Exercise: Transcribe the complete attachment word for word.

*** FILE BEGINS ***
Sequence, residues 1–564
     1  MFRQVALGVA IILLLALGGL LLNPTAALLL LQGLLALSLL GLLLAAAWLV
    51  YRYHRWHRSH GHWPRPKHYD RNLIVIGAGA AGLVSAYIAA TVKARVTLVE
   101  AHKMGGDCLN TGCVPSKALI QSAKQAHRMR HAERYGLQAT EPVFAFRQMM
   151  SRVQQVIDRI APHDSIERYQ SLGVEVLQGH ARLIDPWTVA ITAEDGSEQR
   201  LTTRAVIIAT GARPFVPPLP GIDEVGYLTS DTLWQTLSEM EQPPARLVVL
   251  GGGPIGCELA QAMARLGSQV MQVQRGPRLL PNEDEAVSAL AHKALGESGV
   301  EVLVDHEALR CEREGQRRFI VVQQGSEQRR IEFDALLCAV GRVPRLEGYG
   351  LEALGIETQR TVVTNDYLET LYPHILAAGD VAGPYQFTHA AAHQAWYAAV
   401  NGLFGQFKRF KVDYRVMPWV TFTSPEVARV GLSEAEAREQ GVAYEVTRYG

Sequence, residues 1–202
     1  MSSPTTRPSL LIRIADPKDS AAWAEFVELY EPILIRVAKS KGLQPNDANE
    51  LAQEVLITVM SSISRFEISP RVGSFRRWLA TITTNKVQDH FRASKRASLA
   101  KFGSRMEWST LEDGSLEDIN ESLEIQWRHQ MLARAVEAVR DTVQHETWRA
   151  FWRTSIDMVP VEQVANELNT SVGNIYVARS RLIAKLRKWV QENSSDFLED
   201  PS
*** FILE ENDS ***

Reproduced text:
Sequence, residues 1–564
     1  MFRQVALGVA IILLLALGGL LLNPTAALLL LQGLLALSLL GLLLAAAWLV
    51  YRYHRWHRSH GHWPRPKHYD RNLIVIGAGA AGLVSAYIAA TVKARVTLVE
   101  AHKMGGDCLN TGCVPSKALI QSAKQAHRMR HAERYGLQAT EPVFAFRQMM
   151  SRVQQVIDRI APHDSIERYQ SLGVEVLQGH ARLIDPWTVA ITAEDGSEQR
   201  LTTRAVIIAT GARPFVPPLP GIDEVGYLTS DTLWQTLSEM EQPPARLVVL
   251  GGGPIGCELA QAMARLGSQV MQVQRGPRLL PNEDEAVSAL AHKALGESGV
   301  EVLVDHEALR CEREGQRRFI VVQQGSEQRR IEFDALLCAV GRVPRLEGYG
   351  LEALGIETQR TVVTNDYLET LYPHILAAGD VAGPYQFTHA AAHQAWYAAV
   401  NGLFGQFKRF KVDYRVMPWV TFTSPEVARV GLSEAEAREQ GVAYEVTRYG

Sequence, residues 1–202
     1  MSSPTTRPSL LIRIADPKDS AAWAEFVELY EPILIRVAKS KGLQPNDANE
    51  LAQEVLITVM SSISRFEISP RVGSFRRWLA TITTNKVQDH FRASKRASLA
   101  KFGSRMEWST LEDGSLEDIN ESLEIQWRHQ MLARAVEAVR DTVQHETWRA
   151  FWRTSIDMVP VEQVANELNT SVGNIYVARS RLIAKLRKWV QENSSDFLED
   201  PS